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Think about the clothes in your closet and where they come from. Most of the cashmere sweaters, suede-trimmed coats, cotton shirts, and comfy leggings have travelled a great distance to make it from the textile mill, to the warehouse, to the hanger, and finally to your closet. And within the vast scheme of things, you might be shocked to learn the production and shipping of your garments contributed to carbon emissions that are four to five times higher than aviation emissions.
Fortunately, there are numerous fashion brands who are aware of this fact and are stepping up to do something about it. Carbon neutral fashion is popping up all over the place. But what does carbon neutral fashion actually mean? And why is carbon neutrality important in fashion?
Let’s get to the bottom of this.
What Does “Carbon Neutral” Mean?
For starters, you need to know the gist of carbon neutrality. There is no surfeit of activities that produce carbon dioxide (CO2), the main contributor to climate change. You might even say that existing has a carbon footprint. But how big your footprint is depends on your daily lifestyle. Driving to work can produce 4.3 metric tons of carbon annually. Eating steak, purchasing furniture, hopping on a plane, running on a treadmill, and putting your shirts in the dryer all produce carbon in varying amounts.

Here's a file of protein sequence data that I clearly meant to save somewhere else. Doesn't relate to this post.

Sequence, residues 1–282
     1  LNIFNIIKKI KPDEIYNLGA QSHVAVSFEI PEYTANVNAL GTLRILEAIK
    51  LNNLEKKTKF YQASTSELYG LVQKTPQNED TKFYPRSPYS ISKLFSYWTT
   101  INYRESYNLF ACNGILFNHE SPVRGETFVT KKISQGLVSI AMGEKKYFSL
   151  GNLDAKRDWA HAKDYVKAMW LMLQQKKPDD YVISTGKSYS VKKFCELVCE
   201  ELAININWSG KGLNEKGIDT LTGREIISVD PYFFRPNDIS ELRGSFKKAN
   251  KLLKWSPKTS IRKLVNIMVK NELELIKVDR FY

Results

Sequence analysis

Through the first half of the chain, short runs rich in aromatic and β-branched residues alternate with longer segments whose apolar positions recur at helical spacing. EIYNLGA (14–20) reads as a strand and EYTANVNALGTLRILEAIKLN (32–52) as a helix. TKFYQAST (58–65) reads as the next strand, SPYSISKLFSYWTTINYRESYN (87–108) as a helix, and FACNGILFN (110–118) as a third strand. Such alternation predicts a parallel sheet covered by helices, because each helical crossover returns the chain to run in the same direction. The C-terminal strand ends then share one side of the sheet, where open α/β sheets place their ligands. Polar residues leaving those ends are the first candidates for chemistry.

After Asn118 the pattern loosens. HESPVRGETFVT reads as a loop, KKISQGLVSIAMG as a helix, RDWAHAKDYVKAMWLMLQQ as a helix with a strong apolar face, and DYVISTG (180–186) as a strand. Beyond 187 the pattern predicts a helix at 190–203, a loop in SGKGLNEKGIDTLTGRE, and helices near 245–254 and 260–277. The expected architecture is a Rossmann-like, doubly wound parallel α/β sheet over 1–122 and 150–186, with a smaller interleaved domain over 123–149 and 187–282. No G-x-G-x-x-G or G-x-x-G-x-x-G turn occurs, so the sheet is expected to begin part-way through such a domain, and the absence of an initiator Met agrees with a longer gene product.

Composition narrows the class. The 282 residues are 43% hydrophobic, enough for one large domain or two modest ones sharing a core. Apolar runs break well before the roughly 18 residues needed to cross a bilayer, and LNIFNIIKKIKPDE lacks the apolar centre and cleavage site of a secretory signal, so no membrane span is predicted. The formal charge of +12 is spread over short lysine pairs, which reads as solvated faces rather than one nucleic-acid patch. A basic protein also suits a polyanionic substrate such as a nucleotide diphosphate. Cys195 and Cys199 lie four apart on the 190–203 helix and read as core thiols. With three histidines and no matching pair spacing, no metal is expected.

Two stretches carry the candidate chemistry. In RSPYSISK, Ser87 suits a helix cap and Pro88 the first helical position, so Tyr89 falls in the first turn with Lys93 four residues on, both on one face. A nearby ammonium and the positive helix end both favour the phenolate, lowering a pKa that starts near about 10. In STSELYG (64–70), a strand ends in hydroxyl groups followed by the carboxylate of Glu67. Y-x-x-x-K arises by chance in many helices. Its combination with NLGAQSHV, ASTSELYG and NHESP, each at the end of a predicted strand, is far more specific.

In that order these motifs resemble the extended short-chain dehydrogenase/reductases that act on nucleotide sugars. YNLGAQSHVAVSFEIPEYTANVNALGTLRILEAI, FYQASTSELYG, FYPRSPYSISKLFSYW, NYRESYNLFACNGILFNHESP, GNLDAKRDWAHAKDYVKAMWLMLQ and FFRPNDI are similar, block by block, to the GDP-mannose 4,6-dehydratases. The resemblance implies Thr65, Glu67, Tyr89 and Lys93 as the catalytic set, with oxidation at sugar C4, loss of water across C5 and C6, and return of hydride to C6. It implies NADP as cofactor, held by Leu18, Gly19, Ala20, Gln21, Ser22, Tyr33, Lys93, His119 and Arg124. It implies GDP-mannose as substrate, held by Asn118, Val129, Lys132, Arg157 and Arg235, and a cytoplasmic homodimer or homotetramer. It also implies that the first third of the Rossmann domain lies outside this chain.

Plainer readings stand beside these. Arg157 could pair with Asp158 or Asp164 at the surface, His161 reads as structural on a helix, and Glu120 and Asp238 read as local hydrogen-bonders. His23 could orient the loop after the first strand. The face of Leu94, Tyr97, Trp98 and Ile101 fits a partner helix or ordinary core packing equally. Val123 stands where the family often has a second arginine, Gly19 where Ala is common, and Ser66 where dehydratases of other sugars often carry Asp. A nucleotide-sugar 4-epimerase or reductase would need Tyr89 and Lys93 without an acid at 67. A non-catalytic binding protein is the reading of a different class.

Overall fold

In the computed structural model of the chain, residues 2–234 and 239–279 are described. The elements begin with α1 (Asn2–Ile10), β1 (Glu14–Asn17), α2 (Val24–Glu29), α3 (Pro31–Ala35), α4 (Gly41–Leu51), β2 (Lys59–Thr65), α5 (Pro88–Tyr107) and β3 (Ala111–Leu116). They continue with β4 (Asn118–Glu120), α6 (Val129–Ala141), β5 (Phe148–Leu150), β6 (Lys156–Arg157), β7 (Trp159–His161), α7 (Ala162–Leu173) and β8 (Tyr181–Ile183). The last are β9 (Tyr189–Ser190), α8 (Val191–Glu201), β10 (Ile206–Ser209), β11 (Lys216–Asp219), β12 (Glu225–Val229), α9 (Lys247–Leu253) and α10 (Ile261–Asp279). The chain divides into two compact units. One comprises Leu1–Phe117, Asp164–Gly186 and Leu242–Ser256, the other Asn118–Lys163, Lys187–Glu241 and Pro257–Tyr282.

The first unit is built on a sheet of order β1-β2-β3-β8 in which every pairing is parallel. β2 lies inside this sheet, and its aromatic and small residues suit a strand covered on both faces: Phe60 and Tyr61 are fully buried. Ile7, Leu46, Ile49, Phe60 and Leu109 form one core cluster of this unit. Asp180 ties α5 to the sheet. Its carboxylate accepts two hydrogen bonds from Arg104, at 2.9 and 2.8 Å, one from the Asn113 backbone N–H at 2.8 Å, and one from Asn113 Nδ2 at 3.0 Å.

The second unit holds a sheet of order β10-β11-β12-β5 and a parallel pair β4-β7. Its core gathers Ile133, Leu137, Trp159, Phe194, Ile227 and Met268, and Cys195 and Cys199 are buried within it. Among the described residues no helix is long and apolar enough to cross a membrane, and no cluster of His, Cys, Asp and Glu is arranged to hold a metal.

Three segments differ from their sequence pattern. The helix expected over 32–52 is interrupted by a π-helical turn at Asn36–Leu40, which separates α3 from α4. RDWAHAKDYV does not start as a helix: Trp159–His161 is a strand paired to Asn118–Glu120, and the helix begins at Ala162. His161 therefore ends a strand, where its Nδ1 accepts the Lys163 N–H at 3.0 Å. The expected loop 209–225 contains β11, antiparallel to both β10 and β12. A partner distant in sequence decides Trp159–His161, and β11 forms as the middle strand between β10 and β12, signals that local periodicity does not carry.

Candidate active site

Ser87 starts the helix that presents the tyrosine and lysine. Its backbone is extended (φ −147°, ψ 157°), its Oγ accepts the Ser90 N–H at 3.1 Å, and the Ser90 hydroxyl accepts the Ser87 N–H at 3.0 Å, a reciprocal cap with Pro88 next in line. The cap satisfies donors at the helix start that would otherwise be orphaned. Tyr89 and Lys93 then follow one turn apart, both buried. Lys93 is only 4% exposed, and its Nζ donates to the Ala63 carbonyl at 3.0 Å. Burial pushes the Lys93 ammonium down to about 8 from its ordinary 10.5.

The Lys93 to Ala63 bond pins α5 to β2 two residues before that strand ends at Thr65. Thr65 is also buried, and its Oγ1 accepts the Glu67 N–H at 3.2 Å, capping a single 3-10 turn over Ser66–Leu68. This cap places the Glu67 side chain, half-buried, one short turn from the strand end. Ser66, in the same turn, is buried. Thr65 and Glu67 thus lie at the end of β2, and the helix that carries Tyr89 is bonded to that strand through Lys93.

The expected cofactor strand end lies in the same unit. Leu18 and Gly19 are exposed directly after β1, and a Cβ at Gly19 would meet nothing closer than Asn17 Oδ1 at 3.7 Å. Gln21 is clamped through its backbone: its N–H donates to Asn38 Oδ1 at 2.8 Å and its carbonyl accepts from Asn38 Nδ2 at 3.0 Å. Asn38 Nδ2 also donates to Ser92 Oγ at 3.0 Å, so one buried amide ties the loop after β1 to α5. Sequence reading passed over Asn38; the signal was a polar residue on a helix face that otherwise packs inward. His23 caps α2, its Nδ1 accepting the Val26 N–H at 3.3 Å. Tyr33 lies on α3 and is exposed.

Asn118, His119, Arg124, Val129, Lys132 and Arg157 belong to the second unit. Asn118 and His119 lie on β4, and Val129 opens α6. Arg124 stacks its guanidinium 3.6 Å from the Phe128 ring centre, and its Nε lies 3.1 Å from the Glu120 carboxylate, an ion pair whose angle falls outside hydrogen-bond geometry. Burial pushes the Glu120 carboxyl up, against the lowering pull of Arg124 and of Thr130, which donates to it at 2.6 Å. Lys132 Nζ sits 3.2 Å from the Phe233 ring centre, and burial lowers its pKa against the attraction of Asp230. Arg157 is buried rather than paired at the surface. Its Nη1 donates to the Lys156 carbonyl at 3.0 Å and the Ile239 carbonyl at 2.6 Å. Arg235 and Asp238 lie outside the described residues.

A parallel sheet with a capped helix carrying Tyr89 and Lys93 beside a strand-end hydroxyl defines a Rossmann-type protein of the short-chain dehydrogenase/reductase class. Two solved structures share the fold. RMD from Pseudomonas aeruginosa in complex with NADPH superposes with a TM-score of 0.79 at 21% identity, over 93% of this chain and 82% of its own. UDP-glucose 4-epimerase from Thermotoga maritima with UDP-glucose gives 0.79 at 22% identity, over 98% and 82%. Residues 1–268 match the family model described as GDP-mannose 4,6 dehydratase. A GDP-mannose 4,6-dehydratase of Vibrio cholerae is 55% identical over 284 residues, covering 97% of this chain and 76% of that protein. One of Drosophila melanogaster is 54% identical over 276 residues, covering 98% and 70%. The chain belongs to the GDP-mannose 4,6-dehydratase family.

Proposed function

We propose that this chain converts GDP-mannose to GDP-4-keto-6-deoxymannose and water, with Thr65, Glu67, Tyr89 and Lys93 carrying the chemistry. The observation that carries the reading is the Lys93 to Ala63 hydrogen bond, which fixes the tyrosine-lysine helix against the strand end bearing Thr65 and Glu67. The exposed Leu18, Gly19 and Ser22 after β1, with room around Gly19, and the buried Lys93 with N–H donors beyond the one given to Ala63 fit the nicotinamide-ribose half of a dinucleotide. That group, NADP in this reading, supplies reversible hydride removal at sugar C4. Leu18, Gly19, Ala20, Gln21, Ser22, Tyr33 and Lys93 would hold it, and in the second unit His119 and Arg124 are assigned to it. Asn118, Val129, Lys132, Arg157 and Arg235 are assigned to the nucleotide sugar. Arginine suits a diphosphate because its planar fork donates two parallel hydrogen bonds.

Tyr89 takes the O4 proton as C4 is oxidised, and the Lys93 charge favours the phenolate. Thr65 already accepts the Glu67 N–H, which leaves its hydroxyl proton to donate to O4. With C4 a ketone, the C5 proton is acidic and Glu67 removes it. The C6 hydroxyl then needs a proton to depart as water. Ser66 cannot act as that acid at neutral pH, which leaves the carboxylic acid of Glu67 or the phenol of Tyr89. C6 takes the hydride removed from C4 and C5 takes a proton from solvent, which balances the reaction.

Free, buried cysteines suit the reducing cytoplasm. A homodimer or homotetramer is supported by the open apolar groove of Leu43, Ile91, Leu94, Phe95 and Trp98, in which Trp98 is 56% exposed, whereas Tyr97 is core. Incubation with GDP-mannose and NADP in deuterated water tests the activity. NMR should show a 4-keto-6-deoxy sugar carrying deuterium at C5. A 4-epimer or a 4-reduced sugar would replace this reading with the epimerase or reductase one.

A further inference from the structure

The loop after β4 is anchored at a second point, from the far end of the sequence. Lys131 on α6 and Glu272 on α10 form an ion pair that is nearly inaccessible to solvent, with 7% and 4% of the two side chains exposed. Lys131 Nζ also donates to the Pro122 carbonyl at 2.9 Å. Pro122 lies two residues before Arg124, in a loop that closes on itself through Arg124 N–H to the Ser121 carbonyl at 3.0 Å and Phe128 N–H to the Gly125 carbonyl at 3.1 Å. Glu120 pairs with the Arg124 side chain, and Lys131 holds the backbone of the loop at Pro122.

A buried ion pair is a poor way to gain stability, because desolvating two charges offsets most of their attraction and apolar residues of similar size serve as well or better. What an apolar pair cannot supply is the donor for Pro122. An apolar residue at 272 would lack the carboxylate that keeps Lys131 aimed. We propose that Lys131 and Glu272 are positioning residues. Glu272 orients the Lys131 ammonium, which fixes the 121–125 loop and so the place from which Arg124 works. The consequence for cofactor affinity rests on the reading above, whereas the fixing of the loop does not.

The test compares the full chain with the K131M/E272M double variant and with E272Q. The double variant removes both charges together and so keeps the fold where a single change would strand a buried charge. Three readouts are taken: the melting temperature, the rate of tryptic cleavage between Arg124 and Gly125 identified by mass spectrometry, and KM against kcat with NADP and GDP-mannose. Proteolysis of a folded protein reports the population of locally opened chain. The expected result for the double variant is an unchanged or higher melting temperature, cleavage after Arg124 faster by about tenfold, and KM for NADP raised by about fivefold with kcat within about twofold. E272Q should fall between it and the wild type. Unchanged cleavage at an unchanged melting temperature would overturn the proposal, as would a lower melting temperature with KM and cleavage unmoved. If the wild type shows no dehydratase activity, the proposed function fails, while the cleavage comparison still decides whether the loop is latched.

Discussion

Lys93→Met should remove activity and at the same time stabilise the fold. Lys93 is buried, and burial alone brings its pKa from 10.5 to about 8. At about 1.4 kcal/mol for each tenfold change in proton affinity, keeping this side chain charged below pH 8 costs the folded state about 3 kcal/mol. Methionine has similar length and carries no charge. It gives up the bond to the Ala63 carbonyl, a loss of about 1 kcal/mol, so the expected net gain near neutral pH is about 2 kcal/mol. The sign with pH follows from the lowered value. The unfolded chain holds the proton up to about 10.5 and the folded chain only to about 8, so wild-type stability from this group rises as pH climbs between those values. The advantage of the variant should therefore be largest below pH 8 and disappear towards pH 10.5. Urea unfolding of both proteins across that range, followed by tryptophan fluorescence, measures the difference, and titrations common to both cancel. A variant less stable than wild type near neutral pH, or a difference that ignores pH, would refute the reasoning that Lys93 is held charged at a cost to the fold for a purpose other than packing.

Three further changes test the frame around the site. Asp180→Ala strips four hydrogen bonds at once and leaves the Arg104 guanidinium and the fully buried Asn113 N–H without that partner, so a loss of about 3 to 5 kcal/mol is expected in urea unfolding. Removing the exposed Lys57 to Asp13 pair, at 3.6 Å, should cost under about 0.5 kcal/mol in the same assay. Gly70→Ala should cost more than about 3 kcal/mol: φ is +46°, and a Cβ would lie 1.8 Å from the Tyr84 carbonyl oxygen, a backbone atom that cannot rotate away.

Carbon neutral means that you are offsetting in some way the same amount of carbon dioxide you admit into the atmosphere. The goal is that you balance high emission activities with low or zero-emissions ones. For example, you might switch to solar panels on your home or start taking a bicycle to work to reduce your overall carbon footprint. Other examples include planting trees, farmland management, and wildlife corridor restoration.
Carbon Neutrality in the Fashion Industry
At first, going carbon neutral seemed to be a trend that brands were quick to adopt. Now, it’s about not getting left in the dust. Many fashion brands have already committed to going carbon neutral, such as Allbirds, Gucci, Kering (the luxury group behind Balenciaga and Gucci), Gabriela Hearst, The North Face, and others.
But there is still room for fashion to do a lot better. Clothing production is, at its best, resource-intensive. Even without considering the impact of fast fashion, making even a small portion of clothing consumes large amounts of water and other finite resources. Unfortunately, most clothing is also processed with harsh chemicals, dyes, and other pollutants that ruin the environment.
Why It’s Important to be Carbon Neutral
While many brands are doing what they can to limit the environmental impact of their products, taking on carbon neutrality is a tiny yet essential step to helping put an end to catastrophic climate change.